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January 24, 2004
Surfing Through Hyperspace: Understanding Higher Universes in Six Easy Lessons
Today I read Surfing Through Hyperspace: Understanding Higher Universes in Six Easy Lessons
by Clifford A. Pickover
. It's about the fourth spatial dimension, a fascinating concept in theoretical mathematics and physics that increasingly has real-world applications. Pickover presents an eclectic examination of the topic, not only covering such things as hyperbeings, 4-D geometry, parallel universes, wormholes, quantum foam, and 4-D rotation, but drawing on spirituality, the occult, theology, and science fiction as well. Helpful graphics and an engaging X-Files
parody clarify salient aspects of the fourth dimension, and though this book contains mathematical formulas, puzzles, computer code, and a scientific bibliography on hyperspace, simply reading the story and Pickover's thoughts on the subject is enough to expand one's imagination (the extensive, descriptive appendix on fourth dimension science fiction looks promising as well).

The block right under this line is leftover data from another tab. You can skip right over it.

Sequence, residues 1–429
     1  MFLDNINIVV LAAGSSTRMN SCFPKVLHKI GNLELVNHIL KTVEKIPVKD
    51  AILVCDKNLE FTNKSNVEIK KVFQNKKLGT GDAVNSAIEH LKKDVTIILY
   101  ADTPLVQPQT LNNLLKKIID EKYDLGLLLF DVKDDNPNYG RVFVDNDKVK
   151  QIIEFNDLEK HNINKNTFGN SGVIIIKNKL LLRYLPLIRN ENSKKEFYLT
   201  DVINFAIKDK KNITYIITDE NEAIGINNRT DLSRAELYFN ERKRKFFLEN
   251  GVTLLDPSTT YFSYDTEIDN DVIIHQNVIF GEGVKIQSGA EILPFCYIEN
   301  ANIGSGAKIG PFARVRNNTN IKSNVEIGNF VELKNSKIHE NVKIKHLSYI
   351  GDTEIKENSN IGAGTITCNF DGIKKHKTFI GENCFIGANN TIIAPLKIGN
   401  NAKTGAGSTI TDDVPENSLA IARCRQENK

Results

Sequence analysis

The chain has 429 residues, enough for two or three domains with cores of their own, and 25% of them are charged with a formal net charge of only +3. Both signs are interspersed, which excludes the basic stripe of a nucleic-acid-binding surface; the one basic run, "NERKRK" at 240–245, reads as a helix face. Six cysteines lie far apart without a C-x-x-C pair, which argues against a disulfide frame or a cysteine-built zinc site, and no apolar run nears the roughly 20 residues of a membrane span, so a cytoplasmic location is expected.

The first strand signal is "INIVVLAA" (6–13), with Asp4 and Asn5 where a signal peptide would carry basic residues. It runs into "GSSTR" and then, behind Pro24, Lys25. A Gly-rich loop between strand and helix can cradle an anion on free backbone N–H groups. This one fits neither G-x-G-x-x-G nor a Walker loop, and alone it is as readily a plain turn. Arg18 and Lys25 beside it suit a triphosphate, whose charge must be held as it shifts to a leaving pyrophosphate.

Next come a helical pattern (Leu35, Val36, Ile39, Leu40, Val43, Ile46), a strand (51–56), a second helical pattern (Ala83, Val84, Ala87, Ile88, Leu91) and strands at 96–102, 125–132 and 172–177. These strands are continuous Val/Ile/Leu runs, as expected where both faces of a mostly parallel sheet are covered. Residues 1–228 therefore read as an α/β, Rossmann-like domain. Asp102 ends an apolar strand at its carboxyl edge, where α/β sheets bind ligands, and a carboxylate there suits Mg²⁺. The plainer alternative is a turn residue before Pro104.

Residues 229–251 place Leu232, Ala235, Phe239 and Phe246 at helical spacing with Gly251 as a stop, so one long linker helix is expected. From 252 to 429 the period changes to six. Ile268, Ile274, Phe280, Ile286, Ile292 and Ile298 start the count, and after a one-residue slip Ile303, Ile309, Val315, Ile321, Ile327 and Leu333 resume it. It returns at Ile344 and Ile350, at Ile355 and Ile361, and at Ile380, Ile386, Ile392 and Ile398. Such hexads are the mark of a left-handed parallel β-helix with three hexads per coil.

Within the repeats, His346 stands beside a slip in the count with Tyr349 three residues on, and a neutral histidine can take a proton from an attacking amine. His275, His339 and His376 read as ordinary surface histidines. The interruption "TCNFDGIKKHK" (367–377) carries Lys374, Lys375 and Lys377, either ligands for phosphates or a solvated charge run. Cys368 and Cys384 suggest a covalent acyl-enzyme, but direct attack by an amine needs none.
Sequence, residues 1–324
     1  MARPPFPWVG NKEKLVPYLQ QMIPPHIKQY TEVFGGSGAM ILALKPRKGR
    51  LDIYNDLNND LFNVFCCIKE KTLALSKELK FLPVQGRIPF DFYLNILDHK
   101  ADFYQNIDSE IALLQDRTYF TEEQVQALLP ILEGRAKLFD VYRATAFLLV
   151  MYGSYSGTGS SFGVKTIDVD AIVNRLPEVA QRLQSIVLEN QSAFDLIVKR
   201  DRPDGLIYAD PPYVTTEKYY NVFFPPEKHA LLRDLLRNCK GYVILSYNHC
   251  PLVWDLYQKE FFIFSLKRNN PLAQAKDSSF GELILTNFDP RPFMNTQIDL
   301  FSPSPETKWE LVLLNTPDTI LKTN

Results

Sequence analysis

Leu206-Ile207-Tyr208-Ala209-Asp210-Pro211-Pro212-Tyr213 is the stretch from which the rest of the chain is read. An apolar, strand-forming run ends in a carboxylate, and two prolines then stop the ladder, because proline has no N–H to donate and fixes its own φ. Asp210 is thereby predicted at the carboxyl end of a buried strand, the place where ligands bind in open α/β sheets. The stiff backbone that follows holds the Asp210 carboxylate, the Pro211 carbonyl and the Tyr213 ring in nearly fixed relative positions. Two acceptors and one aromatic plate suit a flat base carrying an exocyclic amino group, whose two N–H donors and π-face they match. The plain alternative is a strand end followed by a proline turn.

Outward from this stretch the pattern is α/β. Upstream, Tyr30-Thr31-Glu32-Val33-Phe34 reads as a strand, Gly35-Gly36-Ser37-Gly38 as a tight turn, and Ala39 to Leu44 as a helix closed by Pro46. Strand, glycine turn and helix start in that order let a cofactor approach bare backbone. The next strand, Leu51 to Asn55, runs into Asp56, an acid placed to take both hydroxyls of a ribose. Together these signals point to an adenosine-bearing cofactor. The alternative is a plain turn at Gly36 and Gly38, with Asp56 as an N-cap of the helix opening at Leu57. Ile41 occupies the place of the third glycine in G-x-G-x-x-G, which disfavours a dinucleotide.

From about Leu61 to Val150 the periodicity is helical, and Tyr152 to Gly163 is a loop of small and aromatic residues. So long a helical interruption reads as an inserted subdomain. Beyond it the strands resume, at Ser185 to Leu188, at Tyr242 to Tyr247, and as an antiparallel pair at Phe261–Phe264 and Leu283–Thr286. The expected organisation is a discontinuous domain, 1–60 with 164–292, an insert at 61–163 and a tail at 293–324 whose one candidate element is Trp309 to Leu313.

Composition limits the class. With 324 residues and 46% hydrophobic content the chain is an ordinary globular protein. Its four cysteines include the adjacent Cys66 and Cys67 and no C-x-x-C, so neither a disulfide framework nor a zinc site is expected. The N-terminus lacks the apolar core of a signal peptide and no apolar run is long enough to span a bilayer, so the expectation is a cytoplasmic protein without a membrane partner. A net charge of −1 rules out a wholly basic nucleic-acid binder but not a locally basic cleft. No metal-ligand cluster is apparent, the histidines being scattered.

So, what's so great about this extra dimension? The author posits two directions in 4-D space, upsilon and delta, and shows how four-dimensional hyperbeings would seem supernatural, able to see and move through anything, perform surgery without breaking skin, appear and disappear at will, perhaps even exist outside of time. He wonders: Are angels, demons, and God actually 4-D entities? (There's an intriguing section which compares string theory's ten dimensions and sephiroth, Kabala's ten divine numbers.) Further, perhaps our souls extend into the fourth dimension, and they travel upsilon or delta when we die. Beyond spiritual musings, Pickover contemplates the chemistry and biology of four-dimensional beings (they may have 3-D retinas instead of our 2-D ones). The discussion of hyperspheres and tesseracts surpasses 3-D geometry, but it helps one imagine what hyperbeings might look like in three dimensions: Extrapolating from the way a 2-D being experiences a 3-D one in Edwin Abbott Abbott's Flatland